Heaven Lodge welcomed us back, but our stop the second time was brief. This was just a layover now to regroup before our next leg of the journey. I gladly succumbed to a hot shower to wash away the sweat from our trek through the wilds of Chimanimani National Park. The scalding water could not wash away the memories I held of star-filled nights unblighted by city’s illuminations though. We re-fuelled our bodies and the van, then pointed Arnie North towards Harare and hopefully our lost companion.
With no communication, we had no way of knowing if Brett would be in Harare or not, so we made haste to get there as quickly as we could. Our haste was well met by giant bear-hugs from dear Brettski alive and well to greet us. He told us of his adventures in agony on the bus ride South, the flight to Johannesburg and straight to hospital, and x-rays that suggested that he had probably already passed the stones by the time he arrived. He was smiling and fine, and had been in Harare for 2-3 nights already by the time we got there, we discovered with glee.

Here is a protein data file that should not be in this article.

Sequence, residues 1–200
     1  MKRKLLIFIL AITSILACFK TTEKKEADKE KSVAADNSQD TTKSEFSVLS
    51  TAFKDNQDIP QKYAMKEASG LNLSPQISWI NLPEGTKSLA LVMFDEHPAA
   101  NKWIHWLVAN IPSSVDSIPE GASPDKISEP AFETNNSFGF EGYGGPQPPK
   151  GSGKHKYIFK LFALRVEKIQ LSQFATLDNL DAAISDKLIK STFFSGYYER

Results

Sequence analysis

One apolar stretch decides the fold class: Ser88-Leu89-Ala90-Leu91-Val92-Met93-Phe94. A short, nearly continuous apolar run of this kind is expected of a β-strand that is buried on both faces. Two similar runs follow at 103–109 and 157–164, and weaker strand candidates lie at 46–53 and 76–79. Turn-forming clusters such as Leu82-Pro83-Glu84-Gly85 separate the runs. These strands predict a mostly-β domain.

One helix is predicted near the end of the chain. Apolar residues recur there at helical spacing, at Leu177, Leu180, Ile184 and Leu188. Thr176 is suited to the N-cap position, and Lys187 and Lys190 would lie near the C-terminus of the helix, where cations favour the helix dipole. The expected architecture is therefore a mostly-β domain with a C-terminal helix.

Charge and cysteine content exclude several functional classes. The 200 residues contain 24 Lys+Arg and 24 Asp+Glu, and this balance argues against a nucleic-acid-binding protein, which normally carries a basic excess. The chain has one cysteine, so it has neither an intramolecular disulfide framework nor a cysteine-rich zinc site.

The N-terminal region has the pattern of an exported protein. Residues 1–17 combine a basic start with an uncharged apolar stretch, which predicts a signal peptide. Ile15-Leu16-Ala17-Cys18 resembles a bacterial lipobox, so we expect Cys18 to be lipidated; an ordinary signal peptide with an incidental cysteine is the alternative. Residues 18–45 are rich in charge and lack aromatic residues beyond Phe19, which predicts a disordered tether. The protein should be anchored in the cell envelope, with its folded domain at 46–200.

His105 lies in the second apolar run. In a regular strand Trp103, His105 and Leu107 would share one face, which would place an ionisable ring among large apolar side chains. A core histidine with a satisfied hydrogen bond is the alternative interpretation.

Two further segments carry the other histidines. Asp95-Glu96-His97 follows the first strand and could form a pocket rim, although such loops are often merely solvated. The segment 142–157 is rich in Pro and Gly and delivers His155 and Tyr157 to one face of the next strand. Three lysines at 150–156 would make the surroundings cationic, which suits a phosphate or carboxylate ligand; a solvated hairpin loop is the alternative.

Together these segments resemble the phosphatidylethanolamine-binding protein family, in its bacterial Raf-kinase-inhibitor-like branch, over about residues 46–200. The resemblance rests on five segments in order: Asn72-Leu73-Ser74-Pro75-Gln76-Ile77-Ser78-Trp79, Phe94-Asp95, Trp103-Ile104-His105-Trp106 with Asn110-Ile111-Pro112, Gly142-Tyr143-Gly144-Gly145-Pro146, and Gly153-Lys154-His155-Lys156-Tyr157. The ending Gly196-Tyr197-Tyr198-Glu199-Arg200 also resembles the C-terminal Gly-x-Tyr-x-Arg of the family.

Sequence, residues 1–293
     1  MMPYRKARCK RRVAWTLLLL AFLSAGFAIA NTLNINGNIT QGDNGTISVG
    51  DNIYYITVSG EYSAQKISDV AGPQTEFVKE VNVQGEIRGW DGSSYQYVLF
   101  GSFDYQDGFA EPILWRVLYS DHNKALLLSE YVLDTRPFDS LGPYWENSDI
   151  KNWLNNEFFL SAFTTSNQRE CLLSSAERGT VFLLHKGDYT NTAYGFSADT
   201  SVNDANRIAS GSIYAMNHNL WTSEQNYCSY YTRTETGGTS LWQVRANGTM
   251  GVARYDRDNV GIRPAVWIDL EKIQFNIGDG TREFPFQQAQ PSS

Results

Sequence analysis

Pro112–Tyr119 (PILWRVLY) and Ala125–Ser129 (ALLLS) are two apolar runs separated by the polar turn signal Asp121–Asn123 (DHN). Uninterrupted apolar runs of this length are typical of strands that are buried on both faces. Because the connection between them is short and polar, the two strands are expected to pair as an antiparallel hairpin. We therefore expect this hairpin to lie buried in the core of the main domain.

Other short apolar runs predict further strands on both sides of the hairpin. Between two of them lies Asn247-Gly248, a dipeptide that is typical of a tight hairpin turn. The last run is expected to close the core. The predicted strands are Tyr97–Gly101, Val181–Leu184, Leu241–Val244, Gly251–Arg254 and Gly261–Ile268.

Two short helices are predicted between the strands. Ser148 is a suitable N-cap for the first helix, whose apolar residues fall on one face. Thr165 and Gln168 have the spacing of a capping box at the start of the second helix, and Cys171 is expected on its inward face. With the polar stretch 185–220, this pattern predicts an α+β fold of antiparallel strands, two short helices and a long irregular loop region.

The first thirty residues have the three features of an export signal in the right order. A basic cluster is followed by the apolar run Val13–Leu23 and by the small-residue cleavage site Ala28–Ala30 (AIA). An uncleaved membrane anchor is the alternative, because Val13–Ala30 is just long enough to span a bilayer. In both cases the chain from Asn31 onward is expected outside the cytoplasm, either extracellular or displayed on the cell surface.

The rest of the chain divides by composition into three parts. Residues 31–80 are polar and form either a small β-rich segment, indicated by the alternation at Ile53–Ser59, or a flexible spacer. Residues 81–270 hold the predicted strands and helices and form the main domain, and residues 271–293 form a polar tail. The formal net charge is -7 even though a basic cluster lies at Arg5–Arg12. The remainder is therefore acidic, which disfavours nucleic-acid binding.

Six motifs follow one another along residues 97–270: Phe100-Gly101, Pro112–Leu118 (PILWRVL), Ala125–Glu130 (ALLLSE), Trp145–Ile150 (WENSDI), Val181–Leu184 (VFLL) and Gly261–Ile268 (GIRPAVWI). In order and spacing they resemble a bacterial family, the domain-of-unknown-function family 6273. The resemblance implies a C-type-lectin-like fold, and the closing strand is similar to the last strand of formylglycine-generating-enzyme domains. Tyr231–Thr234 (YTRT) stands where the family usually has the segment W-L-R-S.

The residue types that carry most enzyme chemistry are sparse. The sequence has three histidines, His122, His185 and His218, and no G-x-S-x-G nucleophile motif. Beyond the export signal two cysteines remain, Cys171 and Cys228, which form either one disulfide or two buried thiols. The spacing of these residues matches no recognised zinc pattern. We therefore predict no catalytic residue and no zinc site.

We were joyous in our reunion and decided to celebrate. We played tourists and went curio shopping at a local open-air artisan market, where I bought soap stone carvings, a sarong, a crocheted vest and t-shirts for family back home. We splashed out by dressing up for a decadent meal out to Rani’s, an Indian restaurant, where we allowed ourselves to be catered to our every whim. It was fun pretending to be sophisticated, when we normally lived out of a backpack stuffed with six pairs of underwear, two t-shirts, three tank tops, one sweater, one pair of jeans, two long-sleeved shirts, three pairs of shorts, a sarong (newly purchased!), a dress, a skirt, a pair of pajamas and one towel (or something like that). Miki and I even put on makeup for the occasion! We held our forks daintily and discussed the state of the world, glorying in this break from our reality. I followed this up with much deserved phone call home to share my recent travel stories with my family and hear tell all the news from that part of the world. On a roll, I called my family in Cape Town to check in with them as well and see if there was any news from there. I was delighted to hear that I had received some letters and they would be forwarded along to me en route. With my ear aching, but my heart warm, I called it a night. The city had been good to me and friendly Harare was okay in my books.